And if you find you are never around someone who is different than you are, maybe that is something you need to pay attention to.

3. Understand the complexity of the important issues.

Learning to “truly see” means we avoid simplistic answers and we ask better questions.

Greg Boyd talked a bit about this in his (really helpful) sermon after Philando was killed in his city. We often assume that issues are black and white and that we can figure almost anything out by just paying attention to cause and effect.

The world does not work like that. Think through the tragedies that have happened. They point to huge, systemic and cultural problems of racism, otherness, guns, violence, and a host of other issues. We cannot assume they are as simple as the bad man with the gun killed some people.

We need to be willing to enter into the complexity of our world as a way of better understanding things so we can make better responses. Before we ever get to the responses, we need to start with asking better, deeper, and more difficult questions.

(Side note: Greg reminds us prayer is more complex than cause an effect as well. Just because prayer doesn’t heal a problem overnight doesn’t mean it is not working. Let’s not lose heart here either).

4. Find small ways to revolt.

Because of our pre-occupation with cause and effect, we often assume unless we fix all of societies problems we cannot make a difference.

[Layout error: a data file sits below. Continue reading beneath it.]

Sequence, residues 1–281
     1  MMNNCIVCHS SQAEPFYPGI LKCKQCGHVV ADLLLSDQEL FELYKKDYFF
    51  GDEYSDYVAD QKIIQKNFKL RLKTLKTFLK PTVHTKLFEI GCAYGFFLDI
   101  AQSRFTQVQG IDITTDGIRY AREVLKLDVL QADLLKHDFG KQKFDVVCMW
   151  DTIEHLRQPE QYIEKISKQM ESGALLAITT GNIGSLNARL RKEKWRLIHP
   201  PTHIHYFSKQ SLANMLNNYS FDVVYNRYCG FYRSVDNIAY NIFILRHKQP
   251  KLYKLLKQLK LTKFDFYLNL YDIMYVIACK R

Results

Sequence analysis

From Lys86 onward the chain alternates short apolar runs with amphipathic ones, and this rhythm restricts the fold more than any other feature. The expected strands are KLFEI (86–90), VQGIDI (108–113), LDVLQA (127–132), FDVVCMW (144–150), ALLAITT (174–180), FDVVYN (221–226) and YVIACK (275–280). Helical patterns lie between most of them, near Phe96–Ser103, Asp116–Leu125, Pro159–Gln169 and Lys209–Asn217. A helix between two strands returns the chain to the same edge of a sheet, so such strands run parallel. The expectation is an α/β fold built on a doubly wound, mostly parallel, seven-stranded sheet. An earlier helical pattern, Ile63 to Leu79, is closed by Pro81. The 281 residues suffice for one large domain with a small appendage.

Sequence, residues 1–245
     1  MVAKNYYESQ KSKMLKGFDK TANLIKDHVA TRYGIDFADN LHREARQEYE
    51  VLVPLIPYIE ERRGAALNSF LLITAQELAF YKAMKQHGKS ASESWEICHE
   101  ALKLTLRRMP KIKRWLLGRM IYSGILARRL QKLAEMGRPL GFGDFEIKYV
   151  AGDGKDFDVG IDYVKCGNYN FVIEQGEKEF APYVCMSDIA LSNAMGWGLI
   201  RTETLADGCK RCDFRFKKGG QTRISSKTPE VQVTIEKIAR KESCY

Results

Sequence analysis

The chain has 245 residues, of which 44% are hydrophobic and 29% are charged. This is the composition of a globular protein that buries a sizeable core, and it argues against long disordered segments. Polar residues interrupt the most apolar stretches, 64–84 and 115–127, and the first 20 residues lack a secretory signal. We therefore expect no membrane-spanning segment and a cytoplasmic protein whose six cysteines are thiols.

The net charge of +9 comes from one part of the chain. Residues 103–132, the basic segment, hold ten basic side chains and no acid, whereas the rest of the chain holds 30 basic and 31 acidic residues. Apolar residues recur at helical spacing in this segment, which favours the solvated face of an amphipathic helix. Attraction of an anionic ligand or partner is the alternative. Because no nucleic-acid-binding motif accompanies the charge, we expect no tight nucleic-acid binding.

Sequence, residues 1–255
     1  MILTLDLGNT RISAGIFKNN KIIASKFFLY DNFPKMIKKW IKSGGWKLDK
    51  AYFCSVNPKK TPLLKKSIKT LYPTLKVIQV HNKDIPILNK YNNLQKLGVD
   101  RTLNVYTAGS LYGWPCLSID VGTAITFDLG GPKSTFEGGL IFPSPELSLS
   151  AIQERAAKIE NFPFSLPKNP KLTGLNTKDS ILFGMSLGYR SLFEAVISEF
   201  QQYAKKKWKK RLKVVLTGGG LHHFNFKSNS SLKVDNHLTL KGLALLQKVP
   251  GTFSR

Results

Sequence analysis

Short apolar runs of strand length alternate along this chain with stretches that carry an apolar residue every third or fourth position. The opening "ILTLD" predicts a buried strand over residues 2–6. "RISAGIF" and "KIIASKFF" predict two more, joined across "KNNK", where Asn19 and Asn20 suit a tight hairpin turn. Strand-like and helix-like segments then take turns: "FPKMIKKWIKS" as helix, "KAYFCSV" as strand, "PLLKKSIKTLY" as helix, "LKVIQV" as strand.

But look at Jesus. He didn’t heal every sick person. He didn’t cast out all the demons. He barely left Israel. But every one of his actions were aimed at revolting against the evil forces in his world, and making the world a better place.

We can do the same.

As we look at vocation, we want to think about the ways we live, work, and relate to others as opportunities to push back against the darkness.

And while we may not solve all of the worlds problems and we will (tragically) continue to see the awful news feeds, we can be people who resist. We refuse to take part in the violence and fear of the world, we stand in solidarity with the vulnerable and oppressed, and we find small, daily ways to push back the darkness right where we are.

13692713_10153884672649514_1290789141341560831_n_vert-437c407ae8d1be8e77fc8c69f3ada34e8344de92-s400-c85Garber writes that the best way we learn to respond to the really important and difficult issues in our day is as by looking at examples of people doing it well. So I want to end with a an example of this being done well.

Our family used to live in Wichita, where this beautiful story comes from. The #blacklivesmatter protesters were putting together a rally, and the Wichita police force offered to host them and create a community picnic.

What ensued was good eating, dancing, and a beautiful picture of what happens when people who society tells us are opposed to one another gather around a shared table. People of different races and cultures came together, celebrated, shared a meal (please, please, please don’t miss that) and offered some hope to a dark situation (here’s a link).

May we be the kinds of people who lead the way in offering hope and gathering “us” and “them” at the Tables we find ourselves.